Mortgage Overhaul Bill Clears House; FHA Reform Stalled
Responding to the turmoil in the nation's subprime markets, the House on Nov. 15 passed H.R. 3915, the Mortgage Reform and Anti-Predatory Lending Act of 2007, by a vote of 291 to 127.
The bill, which seeks to curb abusive mortgage lending practices, would require lenders to make sure borrowers have a reasonable ability to pay back a loan, bring mortgage brokers under a nationwide licensing registry, expand some limits on high-cost mortgages and establish some legal liability standards for mortgage securitizers.
Lawmakers also adopted provisions from separate legislation (H.R. 3837) sponsored by Rep. Paul Kanjorski (D-Pa.) that would establish federal standards for appraisers and require certain borrowers to open escrow accounts along with their mortgages to protect against unexpected taxes and insurance premiums.
Prior to debate on the bill, NAHB sent a letter to every House member supporting efforts to address abuses in lending practices but also urging the Congress to "exercise caution in this process to avoid unnecessarily reducing the flow of mortgage credit during this time of market turmoil."
Hammering home this message of caution, the letter added that "any legislative effort addressing mortgage financing should be mindful of the negative impacts a further constriction in mortgage credit could have on the housing economy as a whole."
Senate Banking Committee Chairman Christopher Dodd (D-Conn.) said that he will soon introduce companion legislation in the Senate "that will be designed to provide strong standards and tough remedies to punish predatory lending and reward affordable loans.”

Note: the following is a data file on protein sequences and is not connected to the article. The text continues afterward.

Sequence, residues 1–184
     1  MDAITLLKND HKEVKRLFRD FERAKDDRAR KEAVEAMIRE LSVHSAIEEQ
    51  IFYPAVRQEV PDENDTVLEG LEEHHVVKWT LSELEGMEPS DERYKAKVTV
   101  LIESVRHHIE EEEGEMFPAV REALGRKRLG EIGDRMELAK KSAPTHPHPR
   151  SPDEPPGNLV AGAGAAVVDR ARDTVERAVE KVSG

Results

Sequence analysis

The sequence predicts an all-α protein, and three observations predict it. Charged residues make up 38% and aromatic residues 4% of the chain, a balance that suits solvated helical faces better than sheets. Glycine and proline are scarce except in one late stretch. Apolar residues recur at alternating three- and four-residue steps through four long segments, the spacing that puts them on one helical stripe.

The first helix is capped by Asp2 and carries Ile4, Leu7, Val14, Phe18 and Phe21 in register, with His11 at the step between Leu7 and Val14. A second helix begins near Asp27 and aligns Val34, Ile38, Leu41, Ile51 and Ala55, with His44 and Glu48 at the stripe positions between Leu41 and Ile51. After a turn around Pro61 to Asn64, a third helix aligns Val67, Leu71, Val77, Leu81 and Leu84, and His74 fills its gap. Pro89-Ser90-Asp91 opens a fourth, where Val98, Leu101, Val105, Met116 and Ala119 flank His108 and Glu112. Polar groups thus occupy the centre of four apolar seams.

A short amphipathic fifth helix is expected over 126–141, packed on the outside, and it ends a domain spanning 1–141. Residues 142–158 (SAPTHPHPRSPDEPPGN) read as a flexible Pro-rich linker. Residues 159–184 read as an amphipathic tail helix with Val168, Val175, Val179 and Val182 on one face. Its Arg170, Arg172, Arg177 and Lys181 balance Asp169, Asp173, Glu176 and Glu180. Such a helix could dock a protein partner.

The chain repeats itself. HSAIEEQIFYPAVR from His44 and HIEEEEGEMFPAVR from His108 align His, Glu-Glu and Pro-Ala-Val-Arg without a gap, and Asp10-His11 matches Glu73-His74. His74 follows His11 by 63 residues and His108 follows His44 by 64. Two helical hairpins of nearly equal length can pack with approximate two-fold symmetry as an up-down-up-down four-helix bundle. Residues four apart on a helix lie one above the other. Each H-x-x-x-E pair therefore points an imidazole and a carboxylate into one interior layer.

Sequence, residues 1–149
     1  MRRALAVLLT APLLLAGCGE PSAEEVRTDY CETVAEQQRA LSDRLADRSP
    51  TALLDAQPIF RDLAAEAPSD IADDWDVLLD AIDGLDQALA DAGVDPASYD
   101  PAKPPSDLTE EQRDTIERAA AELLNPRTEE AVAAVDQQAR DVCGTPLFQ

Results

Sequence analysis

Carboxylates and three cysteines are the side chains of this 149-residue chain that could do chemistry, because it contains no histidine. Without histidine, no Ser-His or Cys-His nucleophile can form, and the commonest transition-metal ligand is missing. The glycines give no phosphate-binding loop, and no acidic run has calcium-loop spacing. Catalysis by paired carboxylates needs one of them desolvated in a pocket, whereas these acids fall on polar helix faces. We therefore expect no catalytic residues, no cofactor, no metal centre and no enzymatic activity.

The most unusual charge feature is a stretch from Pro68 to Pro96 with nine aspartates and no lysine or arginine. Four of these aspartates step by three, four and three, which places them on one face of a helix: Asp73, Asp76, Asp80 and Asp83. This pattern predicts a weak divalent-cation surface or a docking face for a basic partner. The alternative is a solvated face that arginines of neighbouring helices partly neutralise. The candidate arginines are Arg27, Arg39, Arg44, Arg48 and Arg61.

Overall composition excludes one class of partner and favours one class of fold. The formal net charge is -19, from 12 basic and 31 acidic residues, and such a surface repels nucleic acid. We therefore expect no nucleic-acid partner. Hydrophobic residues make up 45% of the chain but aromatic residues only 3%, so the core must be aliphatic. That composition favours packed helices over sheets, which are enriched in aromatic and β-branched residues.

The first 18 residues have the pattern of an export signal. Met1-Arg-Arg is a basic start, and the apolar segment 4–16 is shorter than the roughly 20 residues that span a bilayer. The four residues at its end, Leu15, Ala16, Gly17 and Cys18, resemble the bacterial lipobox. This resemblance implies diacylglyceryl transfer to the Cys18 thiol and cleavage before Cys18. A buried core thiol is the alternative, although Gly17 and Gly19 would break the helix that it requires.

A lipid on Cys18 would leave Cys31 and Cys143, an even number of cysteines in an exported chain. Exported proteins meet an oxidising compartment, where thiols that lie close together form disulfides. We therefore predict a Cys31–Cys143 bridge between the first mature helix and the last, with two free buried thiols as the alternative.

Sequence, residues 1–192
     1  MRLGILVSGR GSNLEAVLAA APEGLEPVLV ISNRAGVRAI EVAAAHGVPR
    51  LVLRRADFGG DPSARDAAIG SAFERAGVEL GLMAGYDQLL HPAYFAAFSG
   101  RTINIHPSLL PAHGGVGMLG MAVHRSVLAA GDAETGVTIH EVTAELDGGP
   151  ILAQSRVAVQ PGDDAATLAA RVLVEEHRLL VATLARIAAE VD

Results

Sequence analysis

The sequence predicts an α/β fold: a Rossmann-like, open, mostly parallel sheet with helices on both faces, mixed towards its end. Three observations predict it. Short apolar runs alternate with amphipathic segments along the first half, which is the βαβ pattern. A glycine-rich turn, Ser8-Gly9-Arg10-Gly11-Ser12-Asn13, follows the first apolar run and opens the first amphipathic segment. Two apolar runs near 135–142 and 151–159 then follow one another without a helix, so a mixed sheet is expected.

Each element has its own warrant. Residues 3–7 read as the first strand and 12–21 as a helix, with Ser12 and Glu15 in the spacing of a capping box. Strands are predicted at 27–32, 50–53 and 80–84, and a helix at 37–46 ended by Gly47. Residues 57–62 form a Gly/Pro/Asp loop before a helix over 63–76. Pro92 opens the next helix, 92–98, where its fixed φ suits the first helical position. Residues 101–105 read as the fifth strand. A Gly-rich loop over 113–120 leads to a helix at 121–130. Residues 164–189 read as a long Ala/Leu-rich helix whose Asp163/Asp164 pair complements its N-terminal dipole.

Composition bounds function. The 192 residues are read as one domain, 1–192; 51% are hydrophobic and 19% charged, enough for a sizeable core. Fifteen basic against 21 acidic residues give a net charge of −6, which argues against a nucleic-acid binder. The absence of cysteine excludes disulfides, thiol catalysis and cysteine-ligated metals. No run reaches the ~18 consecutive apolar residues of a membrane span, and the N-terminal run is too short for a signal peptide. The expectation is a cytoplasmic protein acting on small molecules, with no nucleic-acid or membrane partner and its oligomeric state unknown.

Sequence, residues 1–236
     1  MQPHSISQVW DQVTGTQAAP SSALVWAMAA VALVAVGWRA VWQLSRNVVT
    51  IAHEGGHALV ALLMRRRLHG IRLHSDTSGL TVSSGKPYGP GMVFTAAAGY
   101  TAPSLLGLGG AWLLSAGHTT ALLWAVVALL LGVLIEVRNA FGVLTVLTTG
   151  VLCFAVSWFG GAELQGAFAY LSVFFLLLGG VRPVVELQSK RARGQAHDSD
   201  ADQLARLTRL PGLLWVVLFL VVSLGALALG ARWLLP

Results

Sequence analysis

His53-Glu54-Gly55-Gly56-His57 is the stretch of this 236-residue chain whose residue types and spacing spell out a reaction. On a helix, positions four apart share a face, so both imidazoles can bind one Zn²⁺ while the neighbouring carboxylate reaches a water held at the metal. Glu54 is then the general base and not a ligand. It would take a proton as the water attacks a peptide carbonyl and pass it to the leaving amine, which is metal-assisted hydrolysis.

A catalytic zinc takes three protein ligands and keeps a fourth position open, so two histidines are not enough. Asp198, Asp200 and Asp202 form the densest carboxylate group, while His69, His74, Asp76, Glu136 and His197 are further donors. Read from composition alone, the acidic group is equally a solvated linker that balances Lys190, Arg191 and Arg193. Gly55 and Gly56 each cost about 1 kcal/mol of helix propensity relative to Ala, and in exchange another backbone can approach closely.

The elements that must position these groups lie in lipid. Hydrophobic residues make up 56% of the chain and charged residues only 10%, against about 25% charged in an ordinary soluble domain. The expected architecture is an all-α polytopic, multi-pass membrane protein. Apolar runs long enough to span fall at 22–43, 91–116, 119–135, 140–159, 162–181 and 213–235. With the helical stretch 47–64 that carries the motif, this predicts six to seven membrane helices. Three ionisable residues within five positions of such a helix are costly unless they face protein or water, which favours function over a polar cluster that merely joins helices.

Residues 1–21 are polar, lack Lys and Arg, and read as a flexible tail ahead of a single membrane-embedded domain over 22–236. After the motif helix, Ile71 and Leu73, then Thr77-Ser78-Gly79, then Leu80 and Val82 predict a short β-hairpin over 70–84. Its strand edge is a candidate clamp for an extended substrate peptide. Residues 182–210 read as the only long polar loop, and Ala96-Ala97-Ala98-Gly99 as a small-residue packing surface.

“In addition, my legislation will address the abuses in the mortgage servicing industry, which, itself, is driving people unnecessarily into foreclosure," he said.
FHA Setback in Senate
Meanwhile, an NAHB-supported bill to address the mortgage credit crunch stalled in the Senate last week.
Senate Majority Leader Harry Reid (D-Nev.) sought to bring FHA reform bill S. 2338 to the Senate floor by unanimous consent but Sen. Tom Coburn (R-Okla.) objected, scuttling the bill for now.
Senate passage of FHA reform would likely have resulted in legislation being enacted into law before year-end, since the House has already approved its version of FHA modernization.
Coburn's action does not spell the end of FHA reform, but it most likely will delay any final congressional passage into early next year.
To view the legislation, click here and enter the bill number in the box in the upper center screen.
For more information, e-mail Scott Meyer at NAHB, or call him at 800-368-5242 x8144.